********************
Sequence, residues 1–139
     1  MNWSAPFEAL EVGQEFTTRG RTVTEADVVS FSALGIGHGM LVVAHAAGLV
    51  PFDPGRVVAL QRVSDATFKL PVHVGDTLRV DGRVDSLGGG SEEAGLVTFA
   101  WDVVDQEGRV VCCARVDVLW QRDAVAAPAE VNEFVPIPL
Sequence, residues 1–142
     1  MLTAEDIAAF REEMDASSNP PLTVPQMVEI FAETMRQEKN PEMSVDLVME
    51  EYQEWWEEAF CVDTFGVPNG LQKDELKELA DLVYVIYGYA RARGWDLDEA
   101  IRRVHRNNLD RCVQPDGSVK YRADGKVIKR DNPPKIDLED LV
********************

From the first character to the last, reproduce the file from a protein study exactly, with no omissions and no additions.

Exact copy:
Sequence, residues 1–139
     1  MNWSAPFEAL EVGQEFTTRG RTVTEADVVS FSALGIGHGM LVVAHAAGLV
    51  PFDPGRVVAL QRVSDATFKL PVHVGDTLRV DGRVDSLGGG SEEAGLVTFA
   101  WDVVDQEGRV VCCARVDVLW QRDAVAAPAE VNEFVPIPL
Sequence, residues 1–142
     1  MLTAEDIAAF REEMDASSNP PLTVPQMVEI FAETMRQEKN PEMSVDLVME
    51  EYQEWWEEAF CVDTFGVPNG LQKDELKELA DLVYVIYGYA RARGWDLDEA
   101  IRRVHRNNLD RCVQPDGSVK YRADGKVIKR DNPPKIDLED LV